It took a marathon surgery to save bizarre ‘pin’ man
New Delhi/Faridabad: It was as if he was bombarded with pins and needles. About 150 of them had got perilously planted in the different vital places of the body. It took surgeons of almost all specialities of Asian Institute of Medical Sciences to pick them up and save his precarious life.
For 56 year old bizarre ‘pin’ man, Asian Institute of Medical Sciences in Faridabad was last resort because many hospitals had turned him away. In a marathon surgery of over six hours, the team of doctors succeeded in ridding him from the deathly penance. The case sounded all the more weird because of the mystery of how those pins and needles got pierced into his body. Pin man Badrilal would say he was not aware how they got lodged inside his body. Nor his relatives would vouch for anything.
Talking to Medicare News, Dr. N.K. Pandey, a renowned surgeon and Managing Director of the multi speciality hospital, said, ‘It was really a very challenging case. No other big hospitals he turned to had the nerve to take up the surgery. Some pins were so perilously lodged that even a small mistake would have been fatal.’
Talking about the queer case, Dr. Pandey further said, ‘Our able surgeons flawlessly removed 92 pins from his body some of which were lodged in his windpipe, food pipe, vocal cord and carotid artery. The pin pierced in carotid artery was perilous indeed. When we did CT scan of his body, it was a veritable cushion of needles her was perched on. The case was all the more tricky due to him being diabetic’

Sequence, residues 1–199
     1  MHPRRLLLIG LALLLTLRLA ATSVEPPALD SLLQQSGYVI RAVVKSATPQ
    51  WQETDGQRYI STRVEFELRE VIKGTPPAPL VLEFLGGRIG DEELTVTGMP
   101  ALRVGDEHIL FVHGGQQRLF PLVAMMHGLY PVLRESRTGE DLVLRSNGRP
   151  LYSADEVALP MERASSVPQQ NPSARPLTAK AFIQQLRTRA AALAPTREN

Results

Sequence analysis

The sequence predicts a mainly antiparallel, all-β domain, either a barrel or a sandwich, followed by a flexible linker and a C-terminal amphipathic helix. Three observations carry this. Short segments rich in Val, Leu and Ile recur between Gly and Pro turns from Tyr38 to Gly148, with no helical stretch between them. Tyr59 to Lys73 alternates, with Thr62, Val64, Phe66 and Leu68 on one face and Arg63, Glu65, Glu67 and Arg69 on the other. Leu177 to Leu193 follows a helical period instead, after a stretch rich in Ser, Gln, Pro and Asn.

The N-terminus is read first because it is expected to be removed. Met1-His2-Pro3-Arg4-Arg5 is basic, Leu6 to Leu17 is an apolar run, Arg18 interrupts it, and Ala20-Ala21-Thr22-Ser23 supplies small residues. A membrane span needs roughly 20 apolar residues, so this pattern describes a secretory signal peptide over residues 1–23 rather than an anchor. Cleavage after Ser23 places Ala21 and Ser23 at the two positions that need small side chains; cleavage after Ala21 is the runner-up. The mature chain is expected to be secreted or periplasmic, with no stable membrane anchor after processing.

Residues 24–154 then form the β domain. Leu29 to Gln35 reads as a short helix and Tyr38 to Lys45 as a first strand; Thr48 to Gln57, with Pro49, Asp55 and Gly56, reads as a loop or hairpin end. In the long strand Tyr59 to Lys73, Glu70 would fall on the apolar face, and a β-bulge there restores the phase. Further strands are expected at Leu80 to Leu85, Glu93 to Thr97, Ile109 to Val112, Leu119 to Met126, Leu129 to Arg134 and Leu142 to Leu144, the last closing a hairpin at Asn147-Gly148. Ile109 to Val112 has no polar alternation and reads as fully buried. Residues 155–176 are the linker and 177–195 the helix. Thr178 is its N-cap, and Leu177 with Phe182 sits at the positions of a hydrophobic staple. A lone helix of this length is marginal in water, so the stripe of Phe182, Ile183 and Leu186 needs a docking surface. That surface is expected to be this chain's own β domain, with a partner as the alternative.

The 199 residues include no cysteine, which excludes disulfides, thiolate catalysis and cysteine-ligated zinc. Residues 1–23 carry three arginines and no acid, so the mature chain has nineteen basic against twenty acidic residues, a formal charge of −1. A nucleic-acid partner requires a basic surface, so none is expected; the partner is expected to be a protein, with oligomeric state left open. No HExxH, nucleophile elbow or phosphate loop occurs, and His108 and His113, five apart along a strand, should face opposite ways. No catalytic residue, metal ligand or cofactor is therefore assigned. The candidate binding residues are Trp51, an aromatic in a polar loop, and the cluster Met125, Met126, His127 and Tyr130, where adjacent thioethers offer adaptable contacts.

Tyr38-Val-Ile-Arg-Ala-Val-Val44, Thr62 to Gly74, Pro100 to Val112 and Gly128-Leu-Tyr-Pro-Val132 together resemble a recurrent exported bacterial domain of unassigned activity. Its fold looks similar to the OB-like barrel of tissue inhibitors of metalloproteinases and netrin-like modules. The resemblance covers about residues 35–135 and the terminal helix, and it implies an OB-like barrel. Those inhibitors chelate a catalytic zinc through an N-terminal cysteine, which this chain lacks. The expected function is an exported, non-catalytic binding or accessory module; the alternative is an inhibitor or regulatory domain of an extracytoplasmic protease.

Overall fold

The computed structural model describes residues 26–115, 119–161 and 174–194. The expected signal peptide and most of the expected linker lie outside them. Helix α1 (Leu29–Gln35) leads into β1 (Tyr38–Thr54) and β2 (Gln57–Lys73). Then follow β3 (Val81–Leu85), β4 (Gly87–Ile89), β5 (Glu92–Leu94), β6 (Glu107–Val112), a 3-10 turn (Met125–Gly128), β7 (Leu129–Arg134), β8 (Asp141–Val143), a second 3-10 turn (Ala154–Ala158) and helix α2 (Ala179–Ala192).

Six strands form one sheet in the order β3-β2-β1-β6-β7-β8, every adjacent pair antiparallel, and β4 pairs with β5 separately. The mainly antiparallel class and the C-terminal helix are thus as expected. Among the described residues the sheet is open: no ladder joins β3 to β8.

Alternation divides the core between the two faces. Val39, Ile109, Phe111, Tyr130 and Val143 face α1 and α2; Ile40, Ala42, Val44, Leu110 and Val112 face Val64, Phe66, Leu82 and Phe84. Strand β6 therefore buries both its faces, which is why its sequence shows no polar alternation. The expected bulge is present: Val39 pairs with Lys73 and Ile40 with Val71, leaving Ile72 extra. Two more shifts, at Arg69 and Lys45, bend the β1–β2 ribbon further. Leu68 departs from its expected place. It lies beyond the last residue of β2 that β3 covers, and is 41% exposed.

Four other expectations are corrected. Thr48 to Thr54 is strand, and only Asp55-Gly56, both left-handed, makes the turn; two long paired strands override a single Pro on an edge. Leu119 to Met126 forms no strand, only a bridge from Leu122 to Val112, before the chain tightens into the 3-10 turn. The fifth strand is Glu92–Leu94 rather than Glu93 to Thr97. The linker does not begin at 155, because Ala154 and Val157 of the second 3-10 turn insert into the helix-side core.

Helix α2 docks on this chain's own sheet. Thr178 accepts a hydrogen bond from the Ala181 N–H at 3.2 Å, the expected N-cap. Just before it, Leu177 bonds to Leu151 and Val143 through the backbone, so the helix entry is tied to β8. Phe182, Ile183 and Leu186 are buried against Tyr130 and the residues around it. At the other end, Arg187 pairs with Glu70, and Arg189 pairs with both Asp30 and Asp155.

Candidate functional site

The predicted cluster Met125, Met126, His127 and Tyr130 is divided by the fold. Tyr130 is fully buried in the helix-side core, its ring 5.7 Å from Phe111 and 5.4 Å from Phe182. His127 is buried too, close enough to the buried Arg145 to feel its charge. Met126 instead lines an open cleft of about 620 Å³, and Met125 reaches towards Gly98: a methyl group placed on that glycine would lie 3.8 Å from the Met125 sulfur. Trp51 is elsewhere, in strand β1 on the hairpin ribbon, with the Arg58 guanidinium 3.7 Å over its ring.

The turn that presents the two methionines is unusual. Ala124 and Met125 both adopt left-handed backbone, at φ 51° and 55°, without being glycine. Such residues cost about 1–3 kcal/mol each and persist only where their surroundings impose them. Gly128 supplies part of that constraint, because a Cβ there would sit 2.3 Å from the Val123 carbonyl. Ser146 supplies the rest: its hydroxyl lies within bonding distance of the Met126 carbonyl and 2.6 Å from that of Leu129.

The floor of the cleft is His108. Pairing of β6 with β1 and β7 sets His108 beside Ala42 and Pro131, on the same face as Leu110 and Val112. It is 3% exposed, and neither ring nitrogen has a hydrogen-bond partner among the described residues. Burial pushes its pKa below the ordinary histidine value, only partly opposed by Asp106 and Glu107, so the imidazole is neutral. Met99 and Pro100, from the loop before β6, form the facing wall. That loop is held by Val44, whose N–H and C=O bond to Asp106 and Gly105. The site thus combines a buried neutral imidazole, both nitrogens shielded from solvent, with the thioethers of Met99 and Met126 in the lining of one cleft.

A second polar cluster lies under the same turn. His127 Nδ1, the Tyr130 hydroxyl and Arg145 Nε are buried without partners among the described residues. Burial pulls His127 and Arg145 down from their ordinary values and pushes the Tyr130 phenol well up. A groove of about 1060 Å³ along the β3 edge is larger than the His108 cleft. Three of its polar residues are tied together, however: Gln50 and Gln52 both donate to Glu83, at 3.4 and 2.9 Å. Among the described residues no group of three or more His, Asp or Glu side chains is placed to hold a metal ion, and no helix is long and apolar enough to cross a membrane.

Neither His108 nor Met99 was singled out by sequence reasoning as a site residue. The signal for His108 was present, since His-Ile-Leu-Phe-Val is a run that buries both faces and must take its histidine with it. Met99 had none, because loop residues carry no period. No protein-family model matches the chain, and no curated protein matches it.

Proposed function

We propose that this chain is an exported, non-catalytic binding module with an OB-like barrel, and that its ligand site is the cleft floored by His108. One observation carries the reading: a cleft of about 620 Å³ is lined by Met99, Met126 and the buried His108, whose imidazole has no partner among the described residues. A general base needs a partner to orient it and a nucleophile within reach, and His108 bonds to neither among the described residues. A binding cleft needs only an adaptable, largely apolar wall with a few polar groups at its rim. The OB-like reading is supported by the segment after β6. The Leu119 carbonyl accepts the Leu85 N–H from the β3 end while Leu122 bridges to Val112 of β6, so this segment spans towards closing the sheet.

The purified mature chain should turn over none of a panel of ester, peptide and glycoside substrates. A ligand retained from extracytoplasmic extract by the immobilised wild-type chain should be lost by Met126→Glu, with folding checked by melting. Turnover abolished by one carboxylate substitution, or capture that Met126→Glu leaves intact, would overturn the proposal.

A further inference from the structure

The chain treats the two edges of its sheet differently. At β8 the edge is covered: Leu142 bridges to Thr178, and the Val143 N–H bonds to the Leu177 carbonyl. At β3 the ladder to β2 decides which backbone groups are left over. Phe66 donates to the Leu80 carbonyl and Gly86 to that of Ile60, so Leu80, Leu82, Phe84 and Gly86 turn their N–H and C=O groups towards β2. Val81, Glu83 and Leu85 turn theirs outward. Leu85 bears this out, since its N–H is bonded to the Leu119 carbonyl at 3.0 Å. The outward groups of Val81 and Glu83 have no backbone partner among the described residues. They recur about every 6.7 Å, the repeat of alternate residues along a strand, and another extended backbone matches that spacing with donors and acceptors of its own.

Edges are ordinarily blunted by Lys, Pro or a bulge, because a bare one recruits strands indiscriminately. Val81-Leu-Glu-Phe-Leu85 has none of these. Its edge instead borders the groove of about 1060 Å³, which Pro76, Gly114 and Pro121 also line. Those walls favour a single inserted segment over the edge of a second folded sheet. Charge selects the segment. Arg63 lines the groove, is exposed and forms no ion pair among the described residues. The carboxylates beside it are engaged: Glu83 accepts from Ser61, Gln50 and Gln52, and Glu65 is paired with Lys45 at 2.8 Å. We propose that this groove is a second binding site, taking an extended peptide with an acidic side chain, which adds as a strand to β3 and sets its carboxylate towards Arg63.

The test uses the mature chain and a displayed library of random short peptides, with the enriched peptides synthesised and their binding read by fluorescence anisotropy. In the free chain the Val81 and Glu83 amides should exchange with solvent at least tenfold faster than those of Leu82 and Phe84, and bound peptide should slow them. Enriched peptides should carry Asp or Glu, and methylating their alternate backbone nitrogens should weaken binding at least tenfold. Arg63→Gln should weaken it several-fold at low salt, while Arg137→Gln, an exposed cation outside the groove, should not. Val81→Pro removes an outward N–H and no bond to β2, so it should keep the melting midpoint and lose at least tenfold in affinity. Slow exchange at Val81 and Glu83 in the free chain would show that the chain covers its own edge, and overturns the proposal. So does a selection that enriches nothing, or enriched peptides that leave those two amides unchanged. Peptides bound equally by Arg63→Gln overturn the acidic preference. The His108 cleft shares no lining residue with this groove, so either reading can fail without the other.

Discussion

Surgeons suspect that Badrilal might be suffering from some mental illness and, under the influence of his brain waves, had been piercing the pins into his body himself. His curious case came to light at a private hospital in Kota where he had gone complaining of foot ache and diabetes. He arrived at the Asian Institute of Medical Sciences (AIMS) in Faridabad last fortnight complaining of breathlessness and throat pain. In CT scan, he was found to have more than 150 pins in his throat, elbows, abdomen and ankles. 10 of them were piercing his windpipe, three going through his food pipe, one in the vocal cord and two cutting through his carotid artery — the main artery that supplies blood to the brain.
Surgeries were performed on June 29 and July 2 to remove pins from his neck and abdomen. As for why Badrilal pierced needles and pins into his body, mental experts said that he might be delusional and psychotic. He might have inserted the pins because he imagined he was following commands of the voices in his head. There have been cases where people killed others, cut off their testicles or harmed themselves because a voice told them to do so. Or it could be because he wanted to inflict self-harm